An impressive pool finished with Cemcrete’s PoolCrete which is a uniquely formulated mixture of white cement, white marble and special additives that permanently eliminate the need for painting a pool.
Inside Info on Swimming Pool Finishes
Kathryn Alexander explores the options available to finish your swimming pool.
Building a swimming pool means decisions. Even when you’ve decided what type to build, you will have to decide what finish you want on the inside as well as what material you are going to use for the coping and for the surround. The only pools that are not finished in some way once construction is complete are vinyl-lined and fiberglass pools. All the rest need a coating of some kind to make the shell fully waterproof and smooth.
Probably the most common finish for the contemporary swimming pool, marble plaster gives the inside walls and floor a smooth, waterproof skin. Essentially a mixture of white cement and granular marble dust, it is applied to both gunite and handpacked concrete surfaces with a trowel. Traditionally referred to as marbelite and originally manufactured in white, marble plaster products are now available in a range of colors. Combined with light and the chemically-treated water, different shades make the pool appear to be a different color. For example, white marble plaster will make the water look bright and blue, while sandy hues will tend to give a greenish cast. Charcoal looks more natural and can raise the temperature of the water significantly.
A popular option for finishing structural concrete pools, fiberglass provides a hard-wearing, long-lasting, smooth finish. It is also a finish frequently used when old pools are renovated. However, it is essential that it is applied correctly, using reliable specifications. So beware of companies that do not belong to the NSPI giving quotes which are considerably lower than most. Chances are they will skimp on materials and so the job will not last. When a new pool is lined with fiberglass, the concrete must be thoroughly cured before the lining is applied.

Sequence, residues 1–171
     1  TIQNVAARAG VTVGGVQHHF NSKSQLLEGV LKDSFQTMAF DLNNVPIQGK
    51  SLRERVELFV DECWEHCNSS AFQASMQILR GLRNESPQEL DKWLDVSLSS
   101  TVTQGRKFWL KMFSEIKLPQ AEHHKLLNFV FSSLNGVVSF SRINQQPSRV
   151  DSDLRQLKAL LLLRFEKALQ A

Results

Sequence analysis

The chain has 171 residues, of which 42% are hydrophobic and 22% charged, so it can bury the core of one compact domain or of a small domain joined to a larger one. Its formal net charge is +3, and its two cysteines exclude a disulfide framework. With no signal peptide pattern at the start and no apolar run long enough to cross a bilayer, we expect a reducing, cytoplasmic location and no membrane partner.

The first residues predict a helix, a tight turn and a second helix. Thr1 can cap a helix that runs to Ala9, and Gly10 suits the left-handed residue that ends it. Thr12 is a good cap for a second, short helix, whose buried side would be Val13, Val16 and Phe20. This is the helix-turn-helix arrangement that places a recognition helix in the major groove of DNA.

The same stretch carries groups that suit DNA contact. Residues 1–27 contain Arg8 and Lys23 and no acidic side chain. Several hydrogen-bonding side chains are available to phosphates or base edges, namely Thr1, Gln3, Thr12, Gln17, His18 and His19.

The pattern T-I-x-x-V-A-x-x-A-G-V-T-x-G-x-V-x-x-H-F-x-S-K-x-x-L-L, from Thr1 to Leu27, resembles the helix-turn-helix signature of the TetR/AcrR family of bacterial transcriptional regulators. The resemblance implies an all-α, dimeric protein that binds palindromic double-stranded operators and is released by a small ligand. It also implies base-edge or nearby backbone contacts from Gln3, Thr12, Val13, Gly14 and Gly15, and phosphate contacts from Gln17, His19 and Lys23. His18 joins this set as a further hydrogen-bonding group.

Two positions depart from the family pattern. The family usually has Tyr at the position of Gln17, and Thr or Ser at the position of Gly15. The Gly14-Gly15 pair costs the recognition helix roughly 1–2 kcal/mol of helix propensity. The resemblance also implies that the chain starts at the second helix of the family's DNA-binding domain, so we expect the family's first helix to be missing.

Even though it is a fairly expensive option, tiles may be used as an interior finish for swimming pools. A more common choice, particularly in the Eastern Cape, is chip tile. A disadvantage is the length of time it takes to lay tiles compared to the quick process of plastering or applying fiberglass. Another option is to use tiles around the top inside edge of the pool, instead of traditional mosaic. All tiles must be bedded in cement mortar or fixed to the shell with an adhesive which is not water-soluble. It is important to ensure that there are no gaps or cavities between the tiles otherwise it could encourage the growth of algae.
The traditional material used in a solid strip around the top inside edge, at the water line of gunite and handpacked concrete swimming pools, mosaic looks attractive and is easy to clean. Like tiles, it should be bedded in mortar or fixed with a non-water soluble adhesive recommended by the manufacturer.
Beach-style pools rely largely on the natural effect of a pebble-paved surface. Based on an Australian concept, the most successful pebble finish relies on a particularly fine aggregate which is easy to clean and does not cause abrasions to the skin. Available in a range of colors, pebble paving is often combined with marble plaster. For instance, a shelf may be paved while the bowl of the pool is plastered.
Quartzite, is an exposed aggregate pool surfacing plaster which has a similar effect to pebble paving. A cementitious plaster product, it is trowelled on in the usual way, but then acid-washed after 24 hours to remove the cement face and expose the grains of colored quartz. Colors are varied and include a selection of blues and greens, as well as black, ivory, browns and even a stunning red.
Very few pools are painted nowadays, however paint manufacturers do offer this as an option. >